Featured Research

from universities, journals, and other organizations

Nanotechnology Boosts Efficiency In Converting Solar Energy Into Hydrogen In Fuel Cells

Date:
March 22, 2009
Source:
University of Arkansas at Little Rock
Summary:
Researchers find great promise in a process that could use solar energy to use hydrogen, the third most abundant element on earth's surface, as the ultimate alternative to fossil fuels. This process increase dramatically the efficiency of titania photoanodes used to convert solar energy into hydrogen in fuel cells.

Researchers find great promise in a process that could use solar energy to use hydrogen, the third most abundant element on earth's surface, as the ultimate alternative to fossil fuels. This process increase dramatically the efficiency of titania photoanodes used to convert solar energy into hydrogen in fuel cells.

Researchers at UALR -- the University of Arkansas at Little Rock -- said they have developed a process involving nanostructure that shows great promise in boosting the efficiency of titania photoanodes used to convert solar energy into hydrogen in fuel cells.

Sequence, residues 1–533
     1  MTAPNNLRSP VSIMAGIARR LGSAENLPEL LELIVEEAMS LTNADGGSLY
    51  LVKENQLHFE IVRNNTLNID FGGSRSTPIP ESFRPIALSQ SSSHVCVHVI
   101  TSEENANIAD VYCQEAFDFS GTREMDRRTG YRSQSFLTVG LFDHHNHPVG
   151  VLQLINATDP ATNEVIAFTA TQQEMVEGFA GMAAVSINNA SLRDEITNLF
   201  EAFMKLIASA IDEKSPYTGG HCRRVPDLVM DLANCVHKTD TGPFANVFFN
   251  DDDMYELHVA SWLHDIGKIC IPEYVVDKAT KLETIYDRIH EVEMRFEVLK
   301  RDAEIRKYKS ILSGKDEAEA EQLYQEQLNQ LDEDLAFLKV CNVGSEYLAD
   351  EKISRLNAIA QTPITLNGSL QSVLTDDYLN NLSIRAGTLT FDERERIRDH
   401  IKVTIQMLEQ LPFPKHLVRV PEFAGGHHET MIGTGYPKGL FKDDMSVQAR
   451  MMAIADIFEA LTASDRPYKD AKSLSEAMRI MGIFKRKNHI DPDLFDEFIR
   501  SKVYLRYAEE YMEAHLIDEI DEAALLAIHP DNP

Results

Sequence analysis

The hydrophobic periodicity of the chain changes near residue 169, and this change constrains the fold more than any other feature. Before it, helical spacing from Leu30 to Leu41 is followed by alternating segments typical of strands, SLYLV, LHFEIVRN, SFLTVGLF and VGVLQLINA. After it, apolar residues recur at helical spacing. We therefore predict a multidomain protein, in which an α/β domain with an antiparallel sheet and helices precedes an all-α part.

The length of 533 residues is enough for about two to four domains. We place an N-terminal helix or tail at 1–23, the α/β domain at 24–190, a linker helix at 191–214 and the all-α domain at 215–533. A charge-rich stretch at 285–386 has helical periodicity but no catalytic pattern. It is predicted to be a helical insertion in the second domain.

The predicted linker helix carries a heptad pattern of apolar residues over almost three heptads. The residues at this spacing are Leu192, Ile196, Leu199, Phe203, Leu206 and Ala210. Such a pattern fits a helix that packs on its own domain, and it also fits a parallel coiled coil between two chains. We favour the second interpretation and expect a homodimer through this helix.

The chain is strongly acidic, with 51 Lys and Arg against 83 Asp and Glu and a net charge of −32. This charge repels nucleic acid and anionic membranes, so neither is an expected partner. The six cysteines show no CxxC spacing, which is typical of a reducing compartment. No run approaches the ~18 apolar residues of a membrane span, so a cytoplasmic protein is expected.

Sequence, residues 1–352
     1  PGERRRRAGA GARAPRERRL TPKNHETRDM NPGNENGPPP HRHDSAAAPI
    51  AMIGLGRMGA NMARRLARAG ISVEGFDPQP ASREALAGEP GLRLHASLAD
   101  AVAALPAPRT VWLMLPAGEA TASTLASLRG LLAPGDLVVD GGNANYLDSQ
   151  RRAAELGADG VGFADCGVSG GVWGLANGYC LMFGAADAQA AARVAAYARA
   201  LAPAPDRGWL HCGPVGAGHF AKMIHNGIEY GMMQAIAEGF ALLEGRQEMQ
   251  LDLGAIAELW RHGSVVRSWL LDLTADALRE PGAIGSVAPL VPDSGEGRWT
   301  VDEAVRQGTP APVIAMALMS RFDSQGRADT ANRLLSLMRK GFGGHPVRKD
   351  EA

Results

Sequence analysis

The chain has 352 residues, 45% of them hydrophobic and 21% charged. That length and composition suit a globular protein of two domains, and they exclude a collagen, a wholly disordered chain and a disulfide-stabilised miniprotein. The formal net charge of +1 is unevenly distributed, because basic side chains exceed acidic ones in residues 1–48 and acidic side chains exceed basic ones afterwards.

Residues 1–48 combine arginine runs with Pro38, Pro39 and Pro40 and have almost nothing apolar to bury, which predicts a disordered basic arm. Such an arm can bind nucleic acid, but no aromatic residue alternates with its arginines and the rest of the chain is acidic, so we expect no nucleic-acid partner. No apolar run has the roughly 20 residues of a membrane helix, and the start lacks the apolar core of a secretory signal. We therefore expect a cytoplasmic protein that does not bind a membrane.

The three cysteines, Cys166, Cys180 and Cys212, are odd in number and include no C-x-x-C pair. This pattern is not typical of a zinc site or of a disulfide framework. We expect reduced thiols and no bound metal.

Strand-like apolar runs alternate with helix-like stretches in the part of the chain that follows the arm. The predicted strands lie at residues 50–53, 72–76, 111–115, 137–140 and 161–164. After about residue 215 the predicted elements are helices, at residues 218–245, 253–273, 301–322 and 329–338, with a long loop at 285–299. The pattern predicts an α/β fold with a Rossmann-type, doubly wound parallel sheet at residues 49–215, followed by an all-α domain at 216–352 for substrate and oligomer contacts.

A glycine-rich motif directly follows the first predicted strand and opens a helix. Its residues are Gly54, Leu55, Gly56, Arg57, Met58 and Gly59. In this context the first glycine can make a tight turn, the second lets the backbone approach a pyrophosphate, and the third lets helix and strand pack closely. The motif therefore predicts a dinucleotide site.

Hydrogen, the third most abundant element on earth’s surface, has long been recognized as the ultimate alternative to fossil fuels as an energy carrier. Automobiles using hydrogen directly or in fuel cells have already been developed, but the biggest challenge has been how to produce hydrogen using renewable sources of energy.

Scientists in Japan discovered in 1970 that semiconductor oxide photoanodes can harness the photons from solar radiation and used them to split a water molecule into hydrogen and oxygen, but process was too inefficient to be viable.

The UALR team, working with researchers at the University of Nevada, Reno, and supported by the U.S. Department of Energy and the Arkansas Science and Technology Authority (ASTA), has reported an 80 percent increase in efficiency with a new process.

The new process has been outlined in a recent study published in the journal Nanotechnology.

Electrochemical methods were utilized to synthesize titania photoanodes with nanotubular structures. The photoanode surfaces were then subjected to low-pressure nitrogen plasma to modify their surface properties. The plasma treatment increased the light absorption by the photoanode surface. It also removed surface impurities that are detrimental for photoelectrochemical hydrogen production.